Monthly Archives: November 2012

Pictures of my unborn child

These were pictures from a couple weeks ago at my 20 week ultrasound, when we found out that our baby is a girl! I said from the beginning that I wanted our firstborn to be a boy, but when I saw her little face and feet on the monitor, she immediately won my heart.

The pictures are kind of creepy, but I still think they are cute. This is my first opportunity to be one of those proud parents showing off pictures of their children. I promise that I’ll try not to make it a habit!


Satay Pork w/Brussels Sprouts

We’ve been eating a lot of Brussels sprouts lately (Thanks to spell check, I just realized right now that “Brussels” has an “s” at the end of it…maybe it’s originally from Belgium!) They are in season and, more importantly, on sale! I bought a huge bag from Costco, and I just love the way they taste. Since it’s just the three of us, and one of us is inside of my womb, that bag has lasted us quite some time.

I used the last of the Brussels sprouts bag today. I usually just broil them in the oven with olive oil, salt, pepper, and a hint of maple syrup. But I tried something different today, and Beland really liked it! I used the following recipe (, but substituted Chinese Satay sauce in lieu of black bean sauce. Serve it over rice, and it there’s your protein, veggies, and carbs all in one bowl!

The satay sauce has a bit of kick to it, and it doesn’t have the bitterness that’s in black bean sauce. Here’s what the satay sauce canister looks like – you can get it at the Chinese market:

I also learned that Brussels sprouts are “incredibly nutritious vegetable that offers protection from vitamin A deficiency, bone loss, iron deficiency anemia, and believed to protect from cardiovascular diseases and, colon and prostate cancers.” (see for more Brussels sprouts facts). Pretty nifty veggie!

Black Bean Pork Spareribs

I spent my first trimester avoiding Chinese food like the Plague, which is odd because that’s usually what we eat in our home. I’ve had a horrible time experimenting with pastas and casseroles – they never seem to turn out the way I want. It seemed like the only things I wanted to eat were pizza, cheeseburgers, spaghetti, etc. I guess the baby’s pretty American. Well, I’m so thankful that my stomach is returning back to normal and I can finally cook Chinese again.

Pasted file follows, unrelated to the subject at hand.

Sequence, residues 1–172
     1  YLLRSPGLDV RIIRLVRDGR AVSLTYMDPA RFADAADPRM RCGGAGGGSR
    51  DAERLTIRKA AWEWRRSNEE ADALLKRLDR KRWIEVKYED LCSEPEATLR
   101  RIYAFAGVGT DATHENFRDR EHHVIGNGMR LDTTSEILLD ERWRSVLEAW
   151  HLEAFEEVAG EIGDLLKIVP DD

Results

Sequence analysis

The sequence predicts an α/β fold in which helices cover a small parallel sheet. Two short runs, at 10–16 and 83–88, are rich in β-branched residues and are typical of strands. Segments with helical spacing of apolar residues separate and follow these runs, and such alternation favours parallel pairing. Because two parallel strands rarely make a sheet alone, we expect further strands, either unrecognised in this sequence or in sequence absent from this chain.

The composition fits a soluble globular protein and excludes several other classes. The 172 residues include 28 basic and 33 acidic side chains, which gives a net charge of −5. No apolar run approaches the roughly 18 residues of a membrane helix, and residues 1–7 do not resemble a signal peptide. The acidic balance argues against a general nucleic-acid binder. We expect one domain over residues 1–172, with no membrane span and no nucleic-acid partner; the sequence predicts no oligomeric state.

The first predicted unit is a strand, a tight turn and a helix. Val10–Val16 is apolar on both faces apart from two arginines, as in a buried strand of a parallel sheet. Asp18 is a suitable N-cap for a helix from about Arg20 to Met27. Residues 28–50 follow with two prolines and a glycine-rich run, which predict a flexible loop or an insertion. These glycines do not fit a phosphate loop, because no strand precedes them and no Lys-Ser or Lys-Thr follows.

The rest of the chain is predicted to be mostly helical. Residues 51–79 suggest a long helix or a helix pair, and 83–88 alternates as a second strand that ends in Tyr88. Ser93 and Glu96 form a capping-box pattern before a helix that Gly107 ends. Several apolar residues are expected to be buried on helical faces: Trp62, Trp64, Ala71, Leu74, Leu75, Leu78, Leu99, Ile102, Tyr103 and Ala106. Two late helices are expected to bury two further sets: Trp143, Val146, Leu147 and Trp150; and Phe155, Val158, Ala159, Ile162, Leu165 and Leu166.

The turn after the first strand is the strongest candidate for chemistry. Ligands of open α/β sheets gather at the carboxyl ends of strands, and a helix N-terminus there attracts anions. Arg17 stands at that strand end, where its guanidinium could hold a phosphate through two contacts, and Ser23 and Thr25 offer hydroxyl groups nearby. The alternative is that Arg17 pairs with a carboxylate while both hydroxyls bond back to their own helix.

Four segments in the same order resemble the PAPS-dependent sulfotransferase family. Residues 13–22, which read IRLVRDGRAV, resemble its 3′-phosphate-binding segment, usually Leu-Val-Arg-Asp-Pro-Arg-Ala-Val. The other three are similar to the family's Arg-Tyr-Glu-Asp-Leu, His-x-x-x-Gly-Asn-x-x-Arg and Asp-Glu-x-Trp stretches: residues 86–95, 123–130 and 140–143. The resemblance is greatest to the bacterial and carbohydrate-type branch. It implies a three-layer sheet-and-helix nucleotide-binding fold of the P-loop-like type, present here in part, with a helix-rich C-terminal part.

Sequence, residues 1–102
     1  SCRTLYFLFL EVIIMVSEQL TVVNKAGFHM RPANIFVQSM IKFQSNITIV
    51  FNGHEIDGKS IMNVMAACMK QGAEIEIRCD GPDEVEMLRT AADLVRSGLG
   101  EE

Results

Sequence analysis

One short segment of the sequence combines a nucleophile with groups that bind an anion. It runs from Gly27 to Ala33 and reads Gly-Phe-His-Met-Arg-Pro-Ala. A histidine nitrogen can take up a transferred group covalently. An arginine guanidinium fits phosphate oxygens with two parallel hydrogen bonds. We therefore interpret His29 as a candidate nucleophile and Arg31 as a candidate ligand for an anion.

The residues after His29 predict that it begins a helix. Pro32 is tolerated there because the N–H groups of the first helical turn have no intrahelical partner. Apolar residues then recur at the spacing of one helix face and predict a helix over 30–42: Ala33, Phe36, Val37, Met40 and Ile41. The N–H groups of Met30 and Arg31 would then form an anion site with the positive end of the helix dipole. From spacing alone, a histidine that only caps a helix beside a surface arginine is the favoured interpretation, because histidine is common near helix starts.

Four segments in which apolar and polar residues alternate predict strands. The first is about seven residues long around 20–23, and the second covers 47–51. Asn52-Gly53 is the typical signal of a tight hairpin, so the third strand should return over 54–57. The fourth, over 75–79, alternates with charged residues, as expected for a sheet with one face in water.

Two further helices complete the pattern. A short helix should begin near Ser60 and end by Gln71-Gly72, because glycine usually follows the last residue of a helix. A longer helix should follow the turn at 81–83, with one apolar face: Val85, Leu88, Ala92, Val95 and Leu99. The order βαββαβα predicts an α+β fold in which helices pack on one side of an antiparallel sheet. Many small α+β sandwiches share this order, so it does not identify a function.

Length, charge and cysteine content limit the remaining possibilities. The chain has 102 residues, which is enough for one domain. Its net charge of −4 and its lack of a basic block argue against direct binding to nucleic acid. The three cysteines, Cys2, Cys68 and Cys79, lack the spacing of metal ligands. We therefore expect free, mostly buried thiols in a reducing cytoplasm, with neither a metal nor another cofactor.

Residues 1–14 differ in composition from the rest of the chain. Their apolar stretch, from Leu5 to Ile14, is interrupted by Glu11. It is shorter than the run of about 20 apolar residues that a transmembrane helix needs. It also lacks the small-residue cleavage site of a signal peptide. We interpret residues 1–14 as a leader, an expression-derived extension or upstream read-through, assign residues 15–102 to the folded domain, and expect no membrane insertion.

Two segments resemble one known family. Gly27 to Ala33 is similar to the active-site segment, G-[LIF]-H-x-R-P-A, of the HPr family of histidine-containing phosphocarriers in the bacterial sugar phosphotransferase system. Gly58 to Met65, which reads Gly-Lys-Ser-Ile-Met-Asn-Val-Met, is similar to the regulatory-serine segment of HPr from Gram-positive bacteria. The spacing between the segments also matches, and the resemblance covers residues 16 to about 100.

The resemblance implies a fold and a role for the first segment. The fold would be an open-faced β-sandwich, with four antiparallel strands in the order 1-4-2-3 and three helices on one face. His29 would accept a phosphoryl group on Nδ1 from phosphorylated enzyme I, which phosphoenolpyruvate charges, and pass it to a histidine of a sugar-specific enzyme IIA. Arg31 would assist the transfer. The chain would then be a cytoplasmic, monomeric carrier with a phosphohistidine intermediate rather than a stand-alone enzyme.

I had to make something quick tonight. Black bean pork spareribs are so easy because you just mix all the ingredients in a bowl, let it sit for a bit, then steam it (you can even use the same bowl, so you don’t have to wash so many dishes!)

I found the recipe originally at the below link, but if you’re Asian, then I’d say to use your intuition instead of measuring all the ingredients. I usually also add some garlic chili paste to make it a bit spicy.

Recipe from:


1-1/2 lbs pork spare rib (rib tips)
2 tablespoons black bean sauce
1 tablespoon Chinese rice wine (or dry sherry)
2 teaspoons cornstarch
1/2 teaspoon grated ginger (on microplane grater)
2 cloves garlic, minced
1/4 teaspoon ground black pepper
1 teaspoon cooking oil
1 teaspoon sesame oil
1 teaspoon sugar


Cut the spareribs crosswise into 1″ – 2″ sections. Combine the rest of the ingredients. Transfer spareribs and sauce into a shallow, heatproof pan that will fit inside your wok (a pie plate or 9” cake pan works great.) Let marinate at room temperature for 30 minutes.

Set steaming rack inside of wok and fill with water almost up to height of rack. Turn heat to high and when water is boiling, turn heat to medium-high. Set pan with spareribs on top of a steaming rack in wok. Steam on med-high heat for 18-20 minutes until ribs are no longer pink. Make sure that when you are steaming that you don’t run out of water in the wok. Replenish with additional water, if needed.

The women in my life

22 Weeks pregnant now. I really should take some pregnancy pictures to document this.

I went up to Northern California this past week for work, and was able to see some friends and family on the same trip. I stayed one night with my grandma, aunts, and uncle (they all live together in a house up there). My cousins and I call my grandma “A Puo” as a term of endearment. A Puo is 87 – we are 60 years apart. We have a special connection because both of us have the same Chinese zodiac sign – the ox. A Puo is truly the ox to be exemplified – very hard working. I don’t believe any of that zodiac stuff, but when I read the ox description, it does sound like my grandma –

Ox people are hard-working and persistent, they can stick at a task longer and go at it harder than anybody. Ox people are observant, they have remarkable memories and are good at reporting on absolutely everything they observe. Ox people are stubborn and dogmatic, they believe in their decision and will never regret. They are also very close to their families. They are very family-oriented, conservative and faithful.

She came to the States just a couple months before I was born, which is very special to her…and now that I’m getting ready to give birth to a little girl, that story is becoming more special to me as well. This past time visiting with her was very difficult for both of us. She was very emotional. My third aunt’s cancer may be returning, and my youngest aunt has also been having some complications with her anemia. It’s so strange because just a few years ago, we didn’t have any history of cancer or disease in our family. A Puo repeated several times that she witnessed my birth and now I will be having a baby of my own. But she didn’t say it in a happy way – it was more like she was saying, “I don’t know where my life has gone.”